This report illustrates some of the ways that the most advanced companies have created value from their environmental, social, and governance programs. It also explains why such programs are so hard to assess quantitatively, and lays out a framework for how companies can develop programs strategically, meaningfully assess the value they create, and communicate that value internally and externally. It is based primarily on interviews with 20 companies from 11 industries, and a McKinsey Quarterly global survey of CFOs, investment professionals and corporate social responsibility and sustainability professionals.
» Download How Virtue Creates Value for Business and Society (pdf; free registration and/or login required)

Virtue
   

Profile of the Practice Case Studies
The following case studies are part of the Boston College Center’s Profile of the Practice, which looks at how companies are managing corporate citizenship to incorporate it into existing organizational structure and management mechanisms. These profiles offer practitioners insider insight into the practice of corporate citizenship complete with success strategies and challenges to learn from.They are available only to members; login is required for download.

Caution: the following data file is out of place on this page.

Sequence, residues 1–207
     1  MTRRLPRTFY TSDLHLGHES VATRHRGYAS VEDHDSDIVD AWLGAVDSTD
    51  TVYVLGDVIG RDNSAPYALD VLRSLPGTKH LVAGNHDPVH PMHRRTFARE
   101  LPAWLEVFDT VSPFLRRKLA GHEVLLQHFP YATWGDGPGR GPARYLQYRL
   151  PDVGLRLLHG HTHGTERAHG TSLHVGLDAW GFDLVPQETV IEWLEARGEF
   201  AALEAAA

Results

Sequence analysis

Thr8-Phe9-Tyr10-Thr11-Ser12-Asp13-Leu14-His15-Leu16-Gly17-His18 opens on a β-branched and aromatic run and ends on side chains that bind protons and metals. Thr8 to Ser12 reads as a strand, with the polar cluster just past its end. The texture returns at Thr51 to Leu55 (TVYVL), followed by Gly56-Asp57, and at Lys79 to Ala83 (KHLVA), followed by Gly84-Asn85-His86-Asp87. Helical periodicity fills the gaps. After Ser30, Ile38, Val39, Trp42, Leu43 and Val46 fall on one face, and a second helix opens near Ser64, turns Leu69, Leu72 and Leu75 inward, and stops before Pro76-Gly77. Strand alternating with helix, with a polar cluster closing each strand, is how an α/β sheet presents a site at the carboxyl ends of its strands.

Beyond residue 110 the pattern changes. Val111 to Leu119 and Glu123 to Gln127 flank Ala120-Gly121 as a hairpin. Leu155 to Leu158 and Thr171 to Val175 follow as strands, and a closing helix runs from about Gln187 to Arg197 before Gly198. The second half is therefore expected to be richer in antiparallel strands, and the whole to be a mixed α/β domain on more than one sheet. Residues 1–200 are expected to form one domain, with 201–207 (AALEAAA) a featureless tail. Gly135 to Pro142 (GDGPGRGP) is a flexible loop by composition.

The Methods Behind the Magic: Examining the practices of Atlanta’s exemplary employee volunteer programs
By several measures, including national awards and industry standards, Metro Atlanta employee volunteer programs are exemplary. This report summarizes the common practices of these high-performing employee volunteer programs based on submissions to the Corporate Volunteer Council of Atlanta awards program.
» Download The Methods Behind the Magic (pdf; free registration and/or login required)

Method Behind the Magic
   

Employee Volunteering/Giving Technology User Survey
Survey results of feedback from clients of technology vendors on their experiences as users. Includes background on how long companies used a vendor, types of services provided and scope of programs handled by the vendor. Also includes ratings on timeliness, accuracy, support, efficiency and value, as well as extensive comments and advice to others when considering a technology vendor.
» Download Employee Volunteering/Giving Technology User Survey (pdf; free registration and/or login required)

EmployeeVolunteeringGivingTechUserSurvey